Each week Ross Rubin contributes Switched On, a column about technology, multimedia, and digital entertainment.
Last week''s Switched On discussed some of the similarities and differences between Amazon's Kindle and the Sony Reader. Where the Kindle really sets itself apart, though, is more in the buying of books than reading them..
The sleek Sony reader costs $100 less than the Kindle and relies on PC software for book purchases.The model for the Sony Connect integrated software and bookstore was the pairing of the iPod and iTunes, a system that has worked so well for Apple's digital music players that the Cupertino-based company made it the basis for all media downloads with an inherently connected device, the iPhone. But just as Apple brought the sensibility of desktop software to cell phones, Amazon has brought its legacy of convenient online retail experience to bear on its reader.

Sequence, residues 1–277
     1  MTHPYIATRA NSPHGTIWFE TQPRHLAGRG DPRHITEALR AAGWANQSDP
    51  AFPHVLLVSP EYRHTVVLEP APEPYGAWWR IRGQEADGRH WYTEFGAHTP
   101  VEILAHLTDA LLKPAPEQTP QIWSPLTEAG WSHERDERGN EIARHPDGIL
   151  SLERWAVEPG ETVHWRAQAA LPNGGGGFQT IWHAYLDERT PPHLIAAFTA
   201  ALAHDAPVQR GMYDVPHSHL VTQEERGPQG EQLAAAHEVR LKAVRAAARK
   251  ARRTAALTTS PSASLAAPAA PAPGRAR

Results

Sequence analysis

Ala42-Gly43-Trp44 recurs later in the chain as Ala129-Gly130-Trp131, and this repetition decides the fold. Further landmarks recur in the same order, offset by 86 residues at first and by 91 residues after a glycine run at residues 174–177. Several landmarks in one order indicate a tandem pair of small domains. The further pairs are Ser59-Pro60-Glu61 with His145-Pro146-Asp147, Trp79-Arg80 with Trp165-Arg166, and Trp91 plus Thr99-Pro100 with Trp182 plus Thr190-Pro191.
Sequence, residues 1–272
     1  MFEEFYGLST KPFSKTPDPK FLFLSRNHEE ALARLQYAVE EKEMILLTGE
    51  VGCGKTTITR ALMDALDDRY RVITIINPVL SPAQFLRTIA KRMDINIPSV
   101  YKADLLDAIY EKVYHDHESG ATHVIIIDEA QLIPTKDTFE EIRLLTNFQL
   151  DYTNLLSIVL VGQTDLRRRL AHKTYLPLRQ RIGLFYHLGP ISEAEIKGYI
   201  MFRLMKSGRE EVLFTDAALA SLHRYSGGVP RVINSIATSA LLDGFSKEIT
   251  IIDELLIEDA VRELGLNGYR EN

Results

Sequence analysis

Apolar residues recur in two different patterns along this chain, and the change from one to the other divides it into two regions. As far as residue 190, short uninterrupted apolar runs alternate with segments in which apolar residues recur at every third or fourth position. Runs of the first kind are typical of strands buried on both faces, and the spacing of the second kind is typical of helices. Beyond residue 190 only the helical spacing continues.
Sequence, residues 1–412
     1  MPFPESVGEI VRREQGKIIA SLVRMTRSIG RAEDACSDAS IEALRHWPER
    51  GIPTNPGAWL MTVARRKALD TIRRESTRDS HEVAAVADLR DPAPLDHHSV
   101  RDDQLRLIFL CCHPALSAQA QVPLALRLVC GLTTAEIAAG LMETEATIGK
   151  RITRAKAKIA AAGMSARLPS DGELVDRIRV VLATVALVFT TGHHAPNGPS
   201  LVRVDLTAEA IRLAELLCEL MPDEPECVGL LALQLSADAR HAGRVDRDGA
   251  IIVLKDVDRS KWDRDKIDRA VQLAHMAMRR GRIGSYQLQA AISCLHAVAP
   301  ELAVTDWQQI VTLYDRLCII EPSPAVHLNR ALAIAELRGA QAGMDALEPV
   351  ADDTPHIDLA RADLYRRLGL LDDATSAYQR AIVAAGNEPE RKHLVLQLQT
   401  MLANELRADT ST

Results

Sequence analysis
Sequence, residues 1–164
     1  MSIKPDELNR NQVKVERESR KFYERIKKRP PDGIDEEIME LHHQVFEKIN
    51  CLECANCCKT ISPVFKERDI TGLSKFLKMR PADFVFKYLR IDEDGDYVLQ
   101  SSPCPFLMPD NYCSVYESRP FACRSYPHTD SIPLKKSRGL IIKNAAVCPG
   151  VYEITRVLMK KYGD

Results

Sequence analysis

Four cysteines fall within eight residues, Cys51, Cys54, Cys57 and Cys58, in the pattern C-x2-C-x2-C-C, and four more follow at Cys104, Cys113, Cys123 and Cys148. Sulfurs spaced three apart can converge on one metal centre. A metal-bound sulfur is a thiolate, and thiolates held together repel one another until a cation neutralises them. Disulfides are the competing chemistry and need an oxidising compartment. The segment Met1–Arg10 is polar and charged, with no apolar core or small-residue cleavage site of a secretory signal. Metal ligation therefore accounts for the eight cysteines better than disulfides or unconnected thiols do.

As with its Web-based store, Amazon has stressed the value of a broad selection of content. This is critical in a device that features access to books (or commercial video), since consumers don't have easy and legal access to this content the way they did with CDs for the iPod. The Kindle store has about 90 percent of the New York Times' top 100 bestsellers, and over 90,000 titles in all. This dwarfs the selection available in Sony Connect bookstore. And the purchase process is as smooth as a paperback book cover. Amazon has been such an innovator in online commerce that Apple licensed its patent for one-click purchases on its Web-based store and in the iTunes store.